One-quarter of all the Russian chemical weapons employed during the Kremlin’s two-year full-scale war in Ukraine were launched during the month of February 2024, an official Ukrainian military statement said.

Moscow’s troops have hit Ukrainian forces a total of 1,068 times with Geneva-banned tear gas since invading Ukraine, and 250 deployments of the irritant took place from Feb. 1-29 this year, a Monday statement from Ukraine’s Army General Staff said.

The Ukrainian army statement said that practically all of the February attacks – 244 – were delivered by grenade. Use of CS  gas in war is banned by paragraph 5 of Article 1 of the Geneva Chemical Weapons Convention, the statement said.

The effects of tear gas or CS gas are normally temporary and can include blindness, difficulty breathing, coughing, vomiting, dizziness, disorientation and burning in the mouth and nostrils. Long-term exposure or allergic reaction can cause permanent scarring or death.


General Oleksandr Tarnavsky, senior officer in Ukraine’s Joint Forces Tavria troop command, on Sunday (March 3) said Kyiv troops in the southeastern Zaporizhzhia sector were hit nine times by Russian drones carrying CS grenades over a 24-hour period.

Recent use of chemical grenades against Kyiv’s troops was confirmed by the Russian state-run television channel in a late February report airing drone video showing drops of K-51 chemical grenades on a Ukrainian infantry holding a dugout position.

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Ukrainian troops have widely confirmed a Russian tactic of dropping tear gas grenades on fortifications with the objective of smoking defenders out of bunkers, and then attacking them with kamikaze drones once they come to the surface.

A Ukrainian officer blogger identifying himself as Lieutenant Alex in a Jan. 30 post warned fellow soldiers that even if jamming equipment was present to prevent a precise chemical grenade drop by the drone, toxic smoke would naturally sink into underground positions and flush out defenders. He said he was deployed to the southcentral Robotyne sector.


An early, possible indicator of Russian chemical weapon use against Ukrainian troops came on Nov. 15, when the independent military information platform DeepState reported Moscow’s forces had hit defenders in the northeastern Sviatisky and  southeastern Bakhmut sectors with an unidentified weapon deploying the chloropicrin, a chemical widely used in tear gas weapons during World War I. The report was widely repeated in Ukrainian media but never independently confirmed.

According to Ukrainian army briefing materials published on Jan. 25, Russian forces at the start of 2024 expanded use of toxic gas grenades dropped by hobby drones, almost always quadcopters, and started using a new grenade designed to pump out gas at a pre-set altitude above the ground.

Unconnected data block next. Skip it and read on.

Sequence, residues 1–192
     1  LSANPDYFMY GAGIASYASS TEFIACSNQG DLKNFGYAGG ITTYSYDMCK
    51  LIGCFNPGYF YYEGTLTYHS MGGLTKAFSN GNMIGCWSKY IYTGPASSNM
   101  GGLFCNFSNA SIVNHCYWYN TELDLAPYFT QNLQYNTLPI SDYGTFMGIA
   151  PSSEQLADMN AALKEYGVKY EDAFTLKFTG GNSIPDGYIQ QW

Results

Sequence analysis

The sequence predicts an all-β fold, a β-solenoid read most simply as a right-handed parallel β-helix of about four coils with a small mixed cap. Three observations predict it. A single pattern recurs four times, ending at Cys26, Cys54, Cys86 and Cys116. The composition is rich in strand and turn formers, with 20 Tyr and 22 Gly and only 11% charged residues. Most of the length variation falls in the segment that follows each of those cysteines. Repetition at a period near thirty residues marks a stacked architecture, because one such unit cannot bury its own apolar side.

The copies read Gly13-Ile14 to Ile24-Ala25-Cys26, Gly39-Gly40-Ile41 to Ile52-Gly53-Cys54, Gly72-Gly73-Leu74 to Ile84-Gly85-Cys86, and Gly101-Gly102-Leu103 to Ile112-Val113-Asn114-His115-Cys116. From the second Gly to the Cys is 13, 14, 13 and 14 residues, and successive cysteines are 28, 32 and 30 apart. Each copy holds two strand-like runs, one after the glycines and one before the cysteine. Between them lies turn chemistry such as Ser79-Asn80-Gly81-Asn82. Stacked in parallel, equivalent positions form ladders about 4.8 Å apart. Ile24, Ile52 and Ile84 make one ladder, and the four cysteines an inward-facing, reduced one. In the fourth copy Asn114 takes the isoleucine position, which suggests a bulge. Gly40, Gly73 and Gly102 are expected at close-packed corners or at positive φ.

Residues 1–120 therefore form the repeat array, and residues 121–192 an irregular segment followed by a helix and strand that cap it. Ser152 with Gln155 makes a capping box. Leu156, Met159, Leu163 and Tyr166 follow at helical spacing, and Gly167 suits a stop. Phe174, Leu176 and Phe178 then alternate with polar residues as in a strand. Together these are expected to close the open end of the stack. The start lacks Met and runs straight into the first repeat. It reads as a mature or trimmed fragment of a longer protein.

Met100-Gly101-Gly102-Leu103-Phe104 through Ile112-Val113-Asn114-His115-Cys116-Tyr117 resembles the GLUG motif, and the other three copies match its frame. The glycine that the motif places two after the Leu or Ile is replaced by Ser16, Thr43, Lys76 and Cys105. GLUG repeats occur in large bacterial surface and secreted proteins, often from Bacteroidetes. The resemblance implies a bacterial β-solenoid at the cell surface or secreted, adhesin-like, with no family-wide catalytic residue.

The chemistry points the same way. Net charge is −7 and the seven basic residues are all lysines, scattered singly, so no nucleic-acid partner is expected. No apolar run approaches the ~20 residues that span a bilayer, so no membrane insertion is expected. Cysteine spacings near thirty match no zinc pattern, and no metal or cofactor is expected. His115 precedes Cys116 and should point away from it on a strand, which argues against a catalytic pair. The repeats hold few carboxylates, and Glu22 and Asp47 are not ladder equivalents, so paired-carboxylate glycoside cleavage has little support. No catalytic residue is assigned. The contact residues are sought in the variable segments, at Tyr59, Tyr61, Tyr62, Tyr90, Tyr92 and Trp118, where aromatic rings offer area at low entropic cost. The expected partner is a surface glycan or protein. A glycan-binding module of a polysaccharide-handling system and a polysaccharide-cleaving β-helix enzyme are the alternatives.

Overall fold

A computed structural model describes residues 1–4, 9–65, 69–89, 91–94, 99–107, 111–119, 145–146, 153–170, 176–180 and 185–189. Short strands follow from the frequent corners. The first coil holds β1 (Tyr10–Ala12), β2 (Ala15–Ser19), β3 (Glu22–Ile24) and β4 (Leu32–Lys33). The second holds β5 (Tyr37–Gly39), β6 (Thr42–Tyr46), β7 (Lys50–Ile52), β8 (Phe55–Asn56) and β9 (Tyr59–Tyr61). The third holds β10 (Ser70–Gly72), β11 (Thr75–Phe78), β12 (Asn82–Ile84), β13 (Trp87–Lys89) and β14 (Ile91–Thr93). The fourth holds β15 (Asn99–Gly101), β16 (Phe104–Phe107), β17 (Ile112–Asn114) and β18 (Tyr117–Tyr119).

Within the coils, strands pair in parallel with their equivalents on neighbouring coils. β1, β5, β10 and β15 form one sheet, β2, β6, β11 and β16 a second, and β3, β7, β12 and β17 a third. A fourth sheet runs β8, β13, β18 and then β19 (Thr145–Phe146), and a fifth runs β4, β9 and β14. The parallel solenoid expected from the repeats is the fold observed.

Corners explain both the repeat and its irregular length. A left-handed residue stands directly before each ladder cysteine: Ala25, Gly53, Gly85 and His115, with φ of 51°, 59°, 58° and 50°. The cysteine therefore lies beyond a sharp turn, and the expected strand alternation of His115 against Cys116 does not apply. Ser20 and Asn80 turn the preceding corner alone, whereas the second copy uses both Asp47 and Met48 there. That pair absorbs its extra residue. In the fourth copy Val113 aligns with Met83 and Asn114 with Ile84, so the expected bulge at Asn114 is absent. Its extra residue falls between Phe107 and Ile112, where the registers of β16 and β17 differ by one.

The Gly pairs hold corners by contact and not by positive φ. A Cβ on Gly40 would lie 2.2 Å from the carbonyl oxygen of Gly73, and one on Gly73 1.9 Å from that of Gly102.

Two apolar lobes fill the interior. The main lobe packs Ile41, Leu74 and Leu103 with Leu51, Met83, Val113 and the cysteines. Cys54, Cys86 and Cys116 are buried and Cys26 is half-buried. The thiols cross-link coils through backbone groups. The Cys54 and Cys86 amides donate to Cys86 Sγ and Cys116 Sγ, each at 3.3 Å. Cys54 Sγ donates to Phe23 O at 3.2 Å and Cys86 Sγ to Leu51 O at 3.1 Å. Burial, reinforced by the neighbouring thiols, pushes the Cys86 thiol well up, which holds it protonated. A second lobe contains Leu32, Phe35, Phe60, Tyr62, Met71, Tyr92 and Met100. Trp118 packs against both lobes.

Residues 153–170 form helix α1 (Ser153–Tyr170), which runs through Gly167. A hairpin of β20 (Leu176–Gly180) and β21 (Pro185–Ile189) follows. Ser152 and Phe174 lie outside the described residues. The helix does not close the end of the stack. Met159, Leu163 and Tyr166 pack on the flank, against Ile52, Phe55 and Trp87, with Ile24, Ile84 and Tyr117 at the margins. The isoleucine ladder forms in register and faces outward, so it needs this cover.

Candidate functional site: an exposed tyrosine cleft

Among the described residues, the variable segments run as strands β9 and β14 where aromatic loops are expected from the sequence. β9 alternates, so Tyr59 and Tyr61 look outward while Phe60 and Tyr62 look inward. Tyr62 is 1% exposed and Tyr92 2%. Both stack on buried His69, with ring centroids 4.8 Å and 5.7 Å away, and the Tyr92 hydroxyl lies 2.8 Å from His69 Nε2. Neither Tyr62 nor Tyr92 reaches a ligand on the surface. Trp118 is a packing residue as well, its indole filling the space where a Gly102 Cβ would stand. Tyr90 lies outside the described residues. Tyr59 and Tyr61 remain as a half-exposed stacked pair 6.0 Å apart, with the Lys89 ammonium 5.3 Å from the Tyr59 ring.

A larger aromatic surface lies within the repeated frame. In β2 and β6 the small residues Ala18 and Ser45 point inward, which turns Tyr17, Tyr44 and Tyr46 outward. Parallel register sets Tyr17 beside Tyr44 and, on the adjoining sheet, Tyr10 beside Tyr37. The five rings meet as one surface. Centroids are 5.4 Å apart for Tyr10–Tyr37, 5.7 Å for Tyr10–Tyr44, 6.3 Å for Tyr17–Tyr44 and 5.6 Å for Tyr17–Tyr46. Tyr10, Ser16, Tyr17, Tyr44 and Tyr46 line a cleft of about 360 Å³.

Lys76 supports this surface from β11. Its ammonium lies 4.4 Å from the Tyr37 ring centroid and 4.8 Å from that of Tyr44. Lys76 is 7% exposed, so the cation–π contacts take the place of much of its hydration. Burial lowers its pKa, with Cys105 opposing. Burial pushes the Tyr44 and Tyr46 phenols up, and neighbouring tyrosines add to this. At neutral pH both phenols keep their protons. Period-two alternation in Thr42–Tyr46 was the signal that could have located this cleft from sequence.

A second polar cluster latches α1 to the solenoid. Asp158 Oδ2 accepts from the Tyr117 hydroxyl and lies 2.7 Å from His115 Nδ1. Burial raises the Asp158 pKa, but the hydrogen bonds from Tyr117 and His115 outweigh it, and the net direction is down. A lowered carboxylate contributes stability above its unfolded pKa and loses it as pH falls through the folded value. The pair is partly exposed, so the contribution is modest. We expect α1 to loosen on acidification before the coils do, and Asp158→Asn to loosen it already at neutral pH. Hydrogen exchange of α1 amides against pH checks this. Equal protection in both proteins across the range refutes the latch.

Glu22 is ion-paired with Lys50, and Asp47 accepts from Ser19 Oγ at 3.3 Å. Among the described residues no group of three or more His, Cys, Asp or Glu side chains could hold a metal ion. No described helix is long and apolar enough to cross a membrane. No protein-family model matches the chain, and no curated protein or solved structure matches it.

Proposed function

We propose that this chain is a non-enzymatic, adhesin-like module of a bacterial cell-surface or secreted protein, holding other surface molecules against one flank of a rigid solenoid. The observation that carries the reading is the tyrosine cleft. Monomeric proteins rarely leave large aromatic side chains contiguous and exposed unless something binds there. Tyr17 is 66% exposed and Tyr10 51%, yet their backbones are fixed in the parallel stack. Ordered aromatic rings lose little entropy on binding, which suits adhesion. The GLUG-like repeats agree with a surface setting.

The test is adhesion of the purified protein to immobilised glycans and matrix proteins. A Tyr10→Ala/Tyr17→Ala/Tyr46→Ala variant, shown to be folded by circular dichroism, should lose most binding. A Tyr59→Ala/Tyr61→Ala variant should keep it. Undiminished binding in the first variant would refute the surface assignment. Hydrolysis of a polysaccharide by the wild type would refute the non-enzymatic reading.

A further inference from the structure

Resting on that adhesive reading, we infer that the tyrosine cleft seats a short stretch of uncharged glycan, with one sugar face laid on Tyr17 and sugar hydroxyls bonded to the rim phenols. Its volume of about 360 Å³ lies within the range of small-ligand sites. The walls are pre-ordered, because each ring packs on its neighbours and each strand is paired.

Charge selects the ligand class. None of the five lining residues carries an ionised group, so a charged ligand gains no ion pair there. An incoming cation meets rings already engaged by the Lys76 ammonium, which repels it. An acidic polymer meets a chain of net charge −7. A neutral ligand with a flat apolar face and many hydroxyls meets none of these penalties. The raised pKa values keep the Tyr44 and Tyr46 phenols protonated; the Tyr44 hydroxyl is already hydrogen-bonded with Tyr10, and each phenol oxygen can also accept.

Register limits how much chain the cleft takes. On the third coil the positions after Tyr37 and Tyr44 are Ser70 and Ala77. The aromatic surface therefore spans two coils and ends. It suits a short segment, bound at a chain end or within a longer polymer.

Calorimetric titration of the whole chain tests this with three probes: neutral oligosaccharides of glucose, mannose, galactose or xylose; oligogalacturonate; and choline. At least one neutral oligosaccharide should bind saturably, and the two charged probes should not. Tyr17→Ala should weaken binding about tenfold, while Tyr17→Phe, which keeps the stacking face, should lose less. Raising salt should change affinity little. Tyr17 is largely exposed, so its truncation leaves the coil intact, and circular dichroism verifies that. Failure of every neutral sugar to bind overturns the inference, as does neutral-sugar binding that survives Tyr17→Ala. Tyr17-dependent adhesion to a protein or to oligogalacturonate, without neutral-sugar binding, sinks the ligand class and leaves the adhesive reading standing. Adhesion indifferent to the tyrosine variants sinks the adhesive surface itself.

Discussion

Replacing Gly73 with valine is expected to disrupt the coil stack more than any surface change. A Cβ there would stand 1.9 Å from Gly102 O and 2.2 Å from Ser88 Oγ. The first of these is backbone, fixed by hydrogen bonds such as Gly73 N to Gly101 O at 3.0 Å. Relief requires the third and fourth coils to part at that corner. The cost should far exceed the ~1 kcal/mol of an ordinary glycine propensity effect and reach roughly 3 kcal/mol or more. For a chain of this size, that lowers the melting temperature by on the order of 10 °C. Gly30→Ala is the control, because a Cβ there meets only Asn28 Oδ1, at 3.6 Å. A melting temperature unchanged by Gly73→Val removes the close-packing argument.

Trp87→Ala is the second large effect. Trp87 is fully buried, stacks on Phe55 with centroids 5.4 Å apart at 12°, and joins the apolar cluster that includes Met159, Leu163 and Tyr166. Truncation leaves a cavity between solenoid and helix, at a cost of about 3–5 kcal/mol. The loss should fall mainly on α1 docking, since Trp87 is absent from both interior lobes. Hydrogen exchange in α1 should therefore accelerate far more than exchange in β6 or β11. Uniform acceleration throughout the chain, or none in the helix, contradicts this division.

Andrii Rudnyk, a spokesman for the Central Scientific Research Institute of Armament and Military Equipment of the Armed Forces of Ukraine, said at a press conference that army researchers analyzing the newly fielded Russian air-dropped grenades found the chemical chloroacetophenone, a compound toxic enough to kill a healthy adult in five minutes in an enclosed space.


The grenades captured by Ukrainian forces were manufactured in Russia in 2023, meaning Moscow’s violation of the Geneva Chemical Weapons Convention extends beyond the use of the banned weapon, but its illegal production as well, Rudnyk said.

Kyiv Post was not able to confirm the Ukrainian army's claim that Russian troops are using a weapon containing a lethal poison gas, rather than a debilitating one like CS.

Kyiv Post and other independent news organizations have observed evidence of sporadic Russian use of tear gas against Ukrainian positions in past months, almost always by drones carrying a tear gas grenade.

As a tactical practice, Ukrainian drone pilots much prefer dropping a fragmentation grenade on a Russian soldier because fragmentation injuries are permanent and at times lethal.

Russia has accused Ukraine repeatedly of using chemical weapons. On Tuesday, in comments by the Kremlin-run media platform Izvestiya Kirill Lysogorskiy, Deputy Head of the Ministry of Industry and Trade of the Russian Federation, was quoted as stating Ukrainian forces target Russian troops and civilians in occupied territories with chemical weapons.

According to the Izvestiya report, Kyiv forces are using a chemical compound called “BZ” that attacks nervous systems causing hallucinations, fear, weakness, blindness and deafness in a victim. Among locations hit with Ukrainian chemical attacks, the report said, was near the village Rabotyne. Kyiv Post was not able to confirm the Kremlin claims.


An international convention signed in Geneva on June 17, 1925 committed signatories never to use chemical weapons in war, never to produce chemical weapons, and to destroy existing stockpiles. Both Russia and Ukraine are signatories.

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